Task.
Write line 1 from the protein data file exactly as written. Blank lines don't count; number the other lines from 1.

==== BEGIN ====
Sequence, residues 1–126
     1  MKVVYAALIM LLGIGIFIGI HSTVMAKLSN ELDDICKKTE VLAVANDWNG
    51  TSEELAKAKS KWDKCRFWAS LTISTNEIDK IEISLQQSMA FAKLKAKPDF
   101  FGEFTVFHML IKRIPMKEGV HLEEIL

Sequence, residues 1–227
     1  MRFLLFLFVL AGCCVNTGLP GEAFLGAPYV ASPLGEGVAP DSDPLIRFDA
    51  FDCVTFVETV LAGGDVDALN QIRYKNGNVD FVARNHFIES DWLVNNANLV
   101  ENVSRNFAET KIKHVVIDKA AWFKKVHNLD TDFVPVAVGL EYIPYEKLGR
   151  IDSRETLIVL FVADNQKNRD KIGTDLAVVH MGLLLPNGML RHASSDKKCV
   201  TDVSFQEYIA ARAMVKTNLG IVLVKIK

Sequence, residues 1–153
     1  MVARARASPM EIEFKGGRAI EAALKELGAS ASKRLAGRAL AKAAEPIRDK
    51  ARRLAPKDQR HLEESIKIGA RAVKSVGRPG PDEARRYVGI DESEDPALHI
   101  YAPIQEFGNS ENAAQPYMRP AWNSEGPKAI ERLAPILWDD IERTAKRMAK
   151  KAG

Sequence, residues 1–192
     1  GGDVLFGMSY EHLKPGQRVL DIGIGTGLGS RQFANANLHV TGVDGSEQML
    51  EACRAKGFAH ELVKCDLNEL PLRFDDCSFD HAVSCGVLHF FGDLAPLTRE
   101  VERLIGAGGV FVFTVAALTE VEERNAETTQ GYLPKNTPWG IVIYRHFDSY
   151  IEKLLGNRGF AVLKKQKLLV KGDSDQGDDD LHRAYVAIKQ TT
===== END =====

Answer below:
Sequence, residues 1–126